“By removing what is excessive and by refining a sense of what is essential, they are learning to radiate benevolence and intelligence. They are learning the constructive use and dissemination of thought, feeling and will-energy. They have become self-consciously engaged in the transformation of the energy-field of the entire earth, that grand project which is the task of the Aquarian Age. The forces of harmony will be progressively strengthened, whilst disharmony will become nothing but a dialectical opportunity for growth. As the Aquarian Age unfolds, there will be a continuous increase in human awareness, a deepening of privacy. Each human being will become more of a solitary person of silence and meditation. In mature Aquarian culture, what is said and done will be meaningful and thoughtful, deliberate and discerning, but rendered with ease, sweetness and even beauty.” (“Aquarian Harmony”)

~ * ~

On Buddhi Yoga

NOTE: The Sanskrit term “buddhiyoga” or Buddhi Yoga appears three times in Krishna’s teachings to Arjuna in the Bhagavad Gita, namely in 2:49, 10:10, and 18:57. It literally means “Wisdom Yoga” or “The Yoga of Wisdom,” union with the Divine through the cultivation and practice of spiritual wisdom. Translators of the Gita sometimes also render it as “The Yoga of Discrimination,” in the sense of “The Yoga of Discriminative Intelligence,” i.e. spiritual intelligence that is able to discriminate or discern between what is true and false, real and unreal, etc. In William Q. Judge’s rendition of the Bhagavad Gita, “buddhiyoga” is translated as “mental devotion.” As will be seen, Iyer links it with what he frequently calls “mental posture.”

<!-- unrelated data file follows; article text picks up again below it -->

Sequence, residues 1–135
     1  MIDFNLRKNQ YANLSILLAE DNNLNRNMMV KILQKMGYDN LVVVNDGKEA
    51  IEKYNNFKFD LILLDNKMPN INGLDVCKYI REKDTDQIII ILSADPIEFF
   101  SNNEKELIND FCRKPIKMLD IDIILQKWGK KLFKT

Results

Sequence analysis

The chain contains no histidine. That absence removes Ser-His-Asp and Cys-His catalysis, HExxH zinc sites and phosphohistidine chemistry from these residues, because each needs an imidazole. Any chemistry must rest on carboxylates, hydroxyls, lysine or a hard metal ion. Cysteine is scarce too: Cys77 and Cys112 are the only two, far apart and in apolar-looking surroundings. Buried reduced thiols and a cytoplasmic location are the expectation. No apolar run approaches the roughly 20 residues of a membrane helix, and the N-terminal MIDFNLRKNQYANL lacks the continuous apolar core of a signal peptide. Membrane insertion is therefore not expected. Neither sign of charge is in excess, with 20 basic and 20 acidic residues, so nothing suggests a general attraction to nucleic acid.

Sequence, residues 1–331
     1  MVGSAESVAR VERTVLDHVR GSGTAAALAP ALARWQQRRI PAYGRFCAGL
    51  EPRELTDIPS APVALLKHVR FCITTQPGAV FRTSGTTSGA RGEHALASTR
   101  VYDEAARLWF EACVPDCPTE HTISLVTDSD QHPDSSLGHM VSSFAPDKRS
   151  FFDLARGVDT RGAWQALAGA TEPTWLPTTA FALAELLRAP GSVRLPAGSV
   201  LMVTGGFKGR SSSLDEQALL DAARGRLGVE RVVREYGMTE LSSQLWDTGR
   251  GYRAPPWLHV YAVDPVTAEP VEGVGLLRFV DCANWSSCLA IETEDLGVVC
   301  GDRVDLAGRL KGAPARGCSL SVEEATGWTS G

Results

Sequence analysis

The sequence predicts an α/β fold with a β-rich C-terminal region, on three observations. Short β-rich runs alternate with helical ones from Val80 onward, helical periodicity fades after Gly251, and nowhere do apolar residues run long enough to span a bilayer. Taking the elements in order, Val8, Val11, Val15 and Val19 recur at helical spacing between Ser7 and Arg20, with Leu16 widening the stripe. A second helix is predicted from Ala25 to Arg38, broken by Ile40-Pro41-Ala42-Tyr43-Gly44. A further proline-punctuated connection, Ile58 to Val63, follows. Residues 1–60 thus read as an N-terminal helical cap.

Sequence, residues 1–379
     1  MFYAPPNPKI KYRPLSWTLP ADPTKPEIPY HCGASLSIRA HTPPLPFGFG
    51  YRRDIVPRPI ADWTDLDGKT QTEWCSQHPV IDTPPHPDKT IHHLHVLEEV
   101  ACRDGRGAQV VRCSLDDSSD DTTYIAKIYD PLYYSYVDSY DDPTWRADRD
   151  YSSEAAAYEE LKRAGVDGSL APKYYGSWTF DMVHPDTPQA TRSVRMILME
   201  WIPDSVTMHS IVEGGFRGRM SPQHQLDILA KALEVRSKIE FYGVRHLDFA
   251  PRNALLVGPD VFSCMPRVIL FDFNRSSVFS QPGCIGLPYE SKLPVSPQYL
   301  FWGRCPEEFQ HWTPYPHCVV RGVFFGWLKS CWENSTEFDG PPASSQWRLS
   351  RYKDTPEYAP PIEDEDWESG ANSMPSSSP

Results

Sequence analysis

Krishna does not specifically elaborate by name on Buddhi Yoga but from its context it seems to be more or less synonymous with what he presents as Jnana Yoga, the Yoga of Spiritual Knowledge, also called the Yoga of Wisdom. It is linked by Iyer with another term used in the Gita, Jnana Yajna, “Wisdom Sacrifice.” But whereas Hinduism often views Jnana Yoga as separate and distinct from, and an alternative to, the other main Yogas of the Bhagavad Gita – Karma Yoga (the Yoga of Action and Duty) and Bhakti Yoga (the Yoga of Devotion) – the Gita itself does not make such a distinction but blends them all together, merging these essential qualities and faculties of human nature into a grand, integrated, and practical synthesis. As can be seen below, this is also characteristic of the Buddhi Yoga presented and recommended by Raghavan Iyer. It is not intended to replace or supplant the Raja Yoga of Theosophy which is most characterised by the cultivation of concentration, conscious living, and meditation, but is simply part and parcel of it. Buddhi Yoga is particularly concerned with the uniting together of our Manas and Buddhi principles, i.e. the mind with the light of wisdom which is its source and illumination. Although H. P. Blavatsky and William Judge never referred by name to Buddhi Yoga, it is unquestionably found in their message, and was sometimes spoken of by name by influential figures connected with the United Lodge of Theosophists in India, such as B. P. Wadia, Sophia Wadia, and Bhavani Shankar. For more, see the article Buddhi Yoga – The Yoga of Wisdom.